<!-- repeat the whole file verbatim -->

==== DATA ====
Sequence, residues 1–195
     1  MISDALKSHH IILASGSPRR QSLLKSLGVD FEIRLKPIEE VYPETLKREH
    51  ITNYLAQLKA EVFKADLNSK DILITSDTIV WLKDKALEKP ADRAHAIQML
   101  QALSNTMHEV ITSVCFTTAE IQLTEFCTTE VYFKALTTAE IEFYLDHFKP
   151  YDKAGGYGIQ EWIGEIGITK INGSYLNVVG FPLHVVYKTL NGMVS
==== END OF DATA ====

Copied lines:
Sequence, residues 1–195
     1  MISDALKSHH IILASGSPRR QSLLKSLGVD FEIRLKPIEE VYPETLKREH
    51  ITNYLAQLKA EVFKADLNSK DILITSDTIV WLKDKALEKP ADRAHAIQML
   101  QALSNTMHEV ITSVCFTTAE IQLTEFCTTE VYFKALTTAE IEFYLDHFKP
   151  YDKAGGYGIQ EWIGEIGITK INGSYLNVVG FPLHVVYKTL NGMVS